Womenspace Receives National Attention

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EUGENE, Ore. — Another Eugene nonprofit is receiving national attention.

Womanspace provides more than just domestic violence services like shelter and emergency planning. Years ago, it created a program to empower women.

Every year dozens of women find their way to Womenspace. Jane, as we’re calling her, took the first step last November after seeing a Womenspace brochure.

“I didn’t know I was in an abusive relationship at all for about ten years,” said Jane.

She had left her partner many times over ten years, but kept coming back.

“It ended with a fight and I had head injuries. It took coming to Womenspace, calling the crisis line, taking to them and going to support to realize I was indeed in an abusive relationship,” said Jane.

Jane received emergency assistance for herself and her three children, and a life line–peer support and counseling.

She signed up for empowerment classes, a program designed at Womenspace.

Dr. Krista Chronister, a counseling psychology faculty member at the University of Oregon, started work at Womenspace as a volunteer in 1996. She trained first to be a crisis line mediator, and then she worked her way to individual counselor. During that time she noticed a trend.

“Why is this happing? Why is there a revolving door of women coming back for service?” Chronister said. “Economic factors were at play that women more often than not didn’t have enough money escape an abusive relationship.”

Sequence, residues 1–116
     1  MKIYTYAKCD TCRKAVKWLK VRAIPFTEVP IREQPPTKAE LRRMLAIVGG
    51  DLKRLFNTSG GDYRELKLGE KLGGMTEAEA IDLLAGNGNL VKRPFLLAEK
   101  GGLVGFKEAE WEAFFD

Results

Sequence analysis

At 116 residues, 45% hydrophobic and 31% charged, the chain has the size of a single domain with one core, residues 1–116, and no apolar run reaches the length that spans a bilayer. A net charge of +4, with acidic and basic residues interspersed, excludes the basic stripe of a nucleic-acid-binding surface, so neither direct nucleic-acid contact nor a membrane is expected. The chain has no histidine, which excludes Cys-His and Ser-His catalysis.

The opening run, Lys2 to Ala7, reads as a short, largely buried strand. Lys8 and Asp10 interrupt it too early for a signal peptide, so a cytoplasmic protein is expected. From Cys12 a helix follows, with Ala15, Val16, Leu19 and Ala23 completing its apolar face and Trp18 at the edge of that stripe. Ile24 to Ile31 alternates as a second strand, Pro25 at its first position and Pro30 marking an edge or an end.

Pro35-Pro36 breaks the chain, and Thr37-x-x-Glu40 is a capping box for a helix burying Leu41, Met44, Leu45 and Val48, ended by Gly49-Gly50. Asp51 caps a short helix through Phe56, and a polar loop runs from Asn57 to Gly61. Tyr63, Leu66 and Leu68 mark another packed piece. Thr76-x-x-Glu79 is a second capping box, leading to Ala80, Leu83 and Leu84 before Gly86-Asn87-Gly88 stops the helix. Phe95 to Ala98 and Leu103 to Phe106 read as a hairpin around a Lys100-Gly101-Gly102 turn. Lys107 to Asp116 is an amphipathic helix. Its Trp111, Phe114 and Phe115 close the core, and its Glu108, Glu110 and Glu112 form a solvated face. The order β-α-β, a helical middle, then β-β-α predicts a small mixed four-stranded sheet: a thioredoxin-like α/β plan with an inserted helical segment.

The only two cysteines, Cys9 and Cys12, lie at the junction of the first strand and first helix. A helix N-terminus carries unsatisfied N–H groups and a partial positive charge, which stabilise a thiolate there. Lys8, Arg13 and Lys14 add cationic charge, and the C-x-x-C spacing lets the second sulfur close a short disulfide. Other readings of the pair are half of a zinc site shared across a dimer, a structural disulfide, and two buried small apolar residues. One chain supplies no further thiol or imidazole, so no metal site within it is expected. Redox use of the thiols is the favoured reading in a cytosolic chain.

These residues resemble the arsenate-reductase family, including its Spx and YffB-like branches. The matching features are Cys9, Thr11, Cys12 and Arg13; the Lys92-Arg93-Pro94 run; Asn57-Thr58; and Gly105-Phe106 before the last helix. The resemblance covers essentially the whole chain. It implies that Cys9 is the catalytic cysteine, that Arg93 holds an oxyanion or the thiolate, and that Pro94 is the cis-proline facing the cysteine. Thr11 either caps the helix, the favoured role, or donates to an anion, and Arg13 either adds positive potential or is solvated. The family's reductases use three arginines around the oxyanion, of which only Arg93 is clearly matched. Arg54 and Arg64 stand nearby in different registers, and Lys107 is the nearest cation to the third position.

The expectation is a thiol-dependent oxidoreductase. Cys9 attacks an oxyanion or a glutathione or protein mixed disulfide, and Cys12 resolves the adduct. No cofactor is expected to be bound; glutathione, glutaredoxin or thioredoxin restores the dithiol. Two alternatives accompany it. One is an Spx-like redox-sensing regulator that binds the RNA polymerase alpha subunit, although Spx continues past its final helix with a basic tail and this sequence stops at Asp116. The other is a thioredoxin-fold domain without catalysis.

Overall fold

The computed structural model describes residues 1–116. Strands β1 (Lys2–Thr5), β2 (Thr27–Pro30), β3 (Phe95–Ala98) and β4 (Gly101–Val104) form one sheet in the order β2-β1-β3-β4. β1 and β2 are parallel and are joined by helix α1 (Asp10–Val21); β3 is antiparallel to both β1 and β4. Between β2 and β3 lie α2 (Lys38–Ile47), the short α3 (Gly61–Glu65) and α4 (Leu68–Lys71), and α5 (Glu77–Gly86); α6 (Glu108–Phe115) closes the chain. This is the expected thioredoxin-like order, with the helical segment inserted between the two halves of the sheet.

Dr, Chronister collaborated with Womenspace to create ACCESS. It consists of five two-hour sessions led by University of Oregon doctoral students.

“Many woman forget what they’ve experienced violence forget what skills they have and forget what they’ve accomplished already,” Chronister said.

They help clients explore career opportunities, identify their skills and plan short-term and long-term goals.

The ACCESS Program in now in 20 different states. In addition to ACCESS, clients receive financial training called the Economic Empowerment Program (EEP).

They learn how to improve or obtain credit and apply for school loans.

Jane is one of about 100 women who’ve benefiting from these classes.

“When had nothing. We came here with absolutely nothing. Now I have a job. I have a place to live,” Jane said.

Her life, once marred by violence, now is filled is peace.

“My future is already bright for me right now,” Jane said.

Looking forward, she is filled with hope.

Womenspace is hosting its annual Black and White Gala event Friday, May 9. Organizers hope to raise $100,000 to help maintain these services.

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